Wednesday, September 29, 2010

"Alabama 5th in U.S. for supplying crime guns," tra la, tra la, tra la. Mayors Against Illegal Guns persuades gullible reporter to sing their tune.

Mr. John Delicate Leaf, Criminal Justice Coordinator of the City of New York and tax-paid agitator for citizen disarmament.

Fresh from covering the Great GOP Powder Puff Incident, Birmingham News ace night-shift crime reporter Jeremy Gray reports breathlessly: "Alabama 5th in U.S. for supplying crime guns."

He writes:

A report released Monday says Alabama is the United States' fifth largest supplier of guns used in crimes in other states. In 2009, 1,561 guns sold here were used in crimes in other states, according to the report from Mayors Against Illegal Guns, a coalition formed in 2006 by New York City Mayor Michael Bloomberg and Boston Mayor Thomas Menino.

What? We don't get credit for doing our part to boost the sagging economy? Seriously though, to quote the Bard, "Who hath measured the ground?" As we well know from previous ATF statistics mongering, "crime guns" are not the same as "trace guns."

Three Alabama mayors -- Mobile Mayor Samuel Jones, Prichard Mayor Ron Davis and Tuskegee Mayor Omar Neal -- are among the coalition's 500 members, according to the group's website. The group works to reduce the threat of illegal guns, the site states.

Personally, I doubt that any of these Democrat mayors are making further restrictions on firearms a campaign platform this year.

Weak state gun control laws have turned Alabama into "a supermarket for guns," said the group's chief policy advisor, John Feinblatt.

"Feinblatt" translated from the German means "delicate leaf."

"John Feinblatt is the Criminal Justice Coordinator for the Mayor. Prior to his appointment, he most recently founded and directed the Center for Court Innovation. He has also served as Director of the Midtown Court, Deputy Executive Director of Victims Services (now Safe Horizon), and a staff attorney at the Legal Aid Society. Feinblatt earned a BA at Wesleyan University and a JD from the Columbus School of Law at Catholic University." --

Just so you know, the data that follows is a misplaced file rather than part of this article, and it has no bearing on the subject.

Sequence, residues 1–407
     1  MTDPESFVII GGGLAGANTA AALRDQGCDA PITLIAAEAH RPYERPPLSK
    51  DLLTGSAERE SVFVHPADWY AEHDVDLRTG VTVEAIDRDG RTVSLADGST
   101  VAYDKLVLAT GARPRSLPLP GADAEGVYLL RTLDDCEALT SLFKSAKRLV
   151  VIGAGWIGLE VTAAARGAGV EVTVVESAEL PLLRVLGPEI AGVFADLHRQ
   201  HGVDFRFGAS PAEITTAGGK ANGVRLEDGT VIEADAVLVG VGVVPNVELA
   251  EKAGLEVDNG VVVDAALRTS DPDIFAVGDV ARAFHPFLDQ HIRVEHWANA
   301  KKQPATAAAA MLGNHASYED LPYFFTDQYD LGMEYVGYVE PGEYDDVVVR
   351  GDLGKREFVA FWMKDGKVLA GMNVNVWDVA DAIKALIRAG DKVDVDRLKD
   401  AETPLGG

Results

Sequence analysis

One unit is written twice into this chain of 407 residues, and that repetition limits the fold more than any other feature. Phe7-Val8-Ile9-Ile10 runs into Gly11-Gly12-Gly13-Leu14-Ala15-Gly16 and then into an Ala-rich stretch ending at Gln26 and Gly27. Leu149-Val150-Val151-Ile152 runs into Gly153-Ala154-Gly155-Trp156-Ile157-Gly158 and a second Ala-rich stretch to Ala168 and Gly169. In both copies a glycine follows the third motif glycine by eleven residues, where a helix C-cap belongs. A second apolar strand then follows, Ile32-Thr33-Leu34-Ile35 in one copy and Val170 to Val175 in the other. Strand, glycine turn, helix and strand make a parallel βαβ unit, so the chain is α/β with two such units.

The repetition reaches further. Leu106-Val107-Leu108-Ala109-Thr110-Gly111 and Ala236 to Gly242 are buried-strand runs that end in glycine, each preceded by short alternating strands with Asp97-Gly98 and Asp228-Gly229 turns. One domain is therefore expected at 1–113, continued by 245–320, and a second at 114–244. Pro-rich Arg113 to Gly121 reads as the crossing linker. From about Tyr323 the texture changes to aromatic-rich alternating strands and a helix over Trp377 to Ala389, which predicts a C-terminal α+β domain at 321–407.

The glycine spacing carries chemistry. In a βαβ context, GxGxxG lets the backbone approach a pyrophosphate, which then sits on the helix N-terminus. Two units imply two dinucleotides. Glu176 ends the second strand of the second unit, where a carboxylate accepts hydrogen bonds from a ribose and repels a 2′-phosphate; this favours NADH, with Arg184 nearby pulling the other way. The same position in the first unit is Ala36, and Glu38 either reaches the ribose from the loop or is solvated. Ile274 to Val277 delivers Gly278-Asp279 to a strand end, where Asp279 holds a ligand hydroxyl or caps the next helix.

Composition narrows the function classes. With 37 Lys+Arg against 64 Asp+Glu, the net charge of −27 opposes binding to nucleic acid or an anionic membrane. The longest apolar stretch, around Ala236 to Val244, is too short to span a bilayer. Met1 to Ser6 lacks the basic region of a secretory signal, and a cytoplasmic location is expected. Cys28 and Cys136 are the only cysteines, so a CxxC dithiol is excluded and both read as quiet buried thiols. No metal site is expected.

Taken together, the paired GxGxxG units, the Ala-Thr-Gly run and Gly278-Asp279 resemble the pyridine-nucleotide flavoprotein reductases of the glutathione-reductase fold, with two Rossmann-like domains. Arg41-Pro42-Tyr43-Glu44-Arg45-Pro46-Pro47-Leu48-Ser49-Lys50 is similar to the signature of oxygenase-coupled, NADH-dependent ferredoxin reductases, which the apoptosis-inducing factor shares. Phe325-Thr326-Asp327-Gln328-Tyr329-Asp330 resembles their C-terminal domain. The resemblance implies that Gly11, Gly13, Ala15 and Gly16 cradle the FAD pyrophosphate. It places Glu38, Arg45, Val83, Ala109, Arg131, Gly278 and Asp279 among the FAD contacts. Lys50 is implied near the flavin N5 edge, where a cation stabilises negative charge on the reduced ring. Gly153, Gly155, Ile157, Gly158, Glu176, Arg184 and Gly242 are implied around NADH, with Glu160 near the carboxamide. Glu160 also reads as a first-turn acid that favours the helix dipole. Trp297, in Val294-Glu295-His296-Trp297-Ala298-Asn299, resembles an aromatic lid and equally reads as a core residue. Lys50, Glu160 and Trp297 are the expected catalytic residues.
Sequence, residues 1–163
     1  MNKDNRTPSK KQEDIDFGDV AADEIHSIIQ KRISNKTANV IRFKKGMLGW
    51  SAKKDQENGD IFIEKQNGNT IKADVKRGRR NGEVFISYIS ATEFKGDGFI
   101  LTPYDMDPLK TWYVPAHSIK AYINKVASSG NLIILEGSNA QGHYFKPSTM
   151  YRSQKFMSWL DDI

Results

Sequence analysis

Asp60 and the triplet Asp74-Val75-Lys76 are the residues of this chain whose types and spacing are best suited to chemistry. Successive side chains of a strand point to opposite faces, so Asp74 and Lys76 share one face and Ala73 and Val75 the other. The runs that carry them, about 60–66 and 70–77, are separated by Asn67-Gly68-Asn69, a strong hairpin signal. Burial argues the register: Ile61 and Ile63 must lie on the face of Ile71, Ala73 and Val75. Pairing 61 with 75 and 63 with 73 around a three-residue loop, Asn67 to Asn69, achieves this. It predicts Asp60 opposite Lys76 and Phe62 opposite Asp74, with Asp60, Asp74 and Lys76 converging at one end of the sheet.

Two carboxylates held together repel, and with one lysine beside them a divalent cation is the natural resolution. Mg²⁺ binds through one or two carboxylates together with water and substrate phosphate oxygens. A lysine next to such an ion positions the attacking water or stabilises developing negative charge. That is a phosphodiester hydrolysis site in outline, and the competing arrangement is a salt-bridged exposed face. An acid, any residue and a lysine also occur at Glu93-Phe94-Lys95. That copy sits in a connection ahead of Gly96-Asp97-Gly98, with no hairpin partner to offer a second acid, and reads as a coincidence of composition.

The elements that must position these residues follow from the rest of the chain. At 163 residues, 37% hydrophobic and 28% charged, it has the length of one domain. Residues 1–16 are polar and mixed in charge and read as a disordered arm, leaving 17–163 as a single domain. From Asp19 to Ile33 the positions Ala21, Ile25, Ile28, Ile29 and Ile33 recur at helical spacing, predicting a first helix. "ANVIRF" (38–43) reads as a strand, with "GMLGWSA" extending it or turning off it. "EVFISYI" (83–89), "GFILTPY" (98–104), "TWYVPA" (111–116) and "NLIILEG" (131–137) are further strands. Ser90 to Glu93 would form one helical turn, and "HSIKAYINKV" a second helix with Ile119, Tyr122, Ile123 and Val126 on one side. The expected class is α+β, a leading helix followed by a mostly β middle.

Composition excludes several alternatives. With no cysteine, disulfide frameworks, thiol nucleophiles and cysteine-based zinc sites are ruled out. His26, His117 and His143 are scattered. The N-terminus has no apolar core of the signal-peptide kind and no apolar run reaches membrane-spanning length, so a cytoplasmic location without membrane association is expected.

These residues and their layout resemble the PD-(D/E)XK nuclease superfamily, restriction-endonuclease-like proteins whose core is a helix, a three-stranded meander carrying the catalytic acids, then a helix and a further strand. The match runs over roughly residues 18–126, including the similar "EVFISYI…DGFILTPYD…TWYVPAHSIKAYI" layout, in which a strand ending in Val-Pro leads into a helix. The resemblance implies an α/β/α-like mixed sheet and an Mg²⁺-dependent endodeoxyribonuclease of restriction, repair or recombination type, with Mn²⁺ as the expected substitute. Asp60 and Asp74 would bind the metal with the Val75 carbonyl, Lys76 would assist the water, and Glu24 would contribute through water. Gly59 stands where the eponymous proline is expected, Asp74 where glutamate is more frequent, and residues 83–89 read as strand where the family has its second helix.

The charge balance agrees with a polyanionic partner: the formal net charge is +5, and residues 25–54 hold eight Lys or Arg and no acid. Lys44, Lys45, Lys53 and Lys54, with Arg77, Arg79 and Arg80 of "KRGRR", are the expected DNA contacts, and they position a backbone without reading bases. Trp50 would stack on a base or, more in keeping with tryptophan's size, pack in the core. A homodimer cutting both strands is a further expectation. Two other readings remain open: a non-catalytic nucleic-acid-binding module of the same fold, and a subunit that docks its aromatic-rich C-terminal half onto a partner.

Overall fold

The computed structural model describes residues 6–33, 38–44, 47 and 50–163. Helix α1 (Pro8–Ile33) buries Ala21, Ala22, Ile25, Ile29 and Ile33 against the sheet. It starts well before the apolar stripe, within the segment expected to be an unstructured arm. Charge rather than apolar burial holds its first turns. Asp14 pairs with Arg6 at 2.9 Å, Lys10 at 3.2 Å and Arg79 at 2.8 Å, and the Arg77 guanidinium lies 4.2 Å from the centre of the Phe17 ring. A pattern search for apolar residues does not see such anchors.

The state needs to implement several laws to prevent guns sold legally here from being used illegally somewhere else, the report states.

Just to make it explicit:

Among the measures the group said are needed here are: Laws making it a crime to buy a gun for someone who can't buy one legally,

Of course we already have a federal law to that effect.

requiring background checks for handgun sales at gun shows,

The old canard of the "gun show loophole" rears its ugly head once more. These people won't be satisfied until they get federal control over all private firearms transactions. Of course, they could be dead before they do.

requiring purchase permits for all handguns, requiring people to report lost or stolen guns to police, allowing cities to enact gun control ordinances, and allowing police to inspect gun dealerships.

What this is about is empowering anti-firearm rights mayors to wage their own wars of citizen disarmament without reference to vagaries of state or federal enforcement. The lords of the manor do not wish their peasants to have access to armor-punching crossbows while they steal the crops and diddle the peasant women.

James Moses, president of the Alabama State Rifle and Pistol Association, argued that such laws would not keep people from buying guns here and shipping them elsewhere. "I don't think those measures have worked anywhere else," Moses said. "It's just more talk."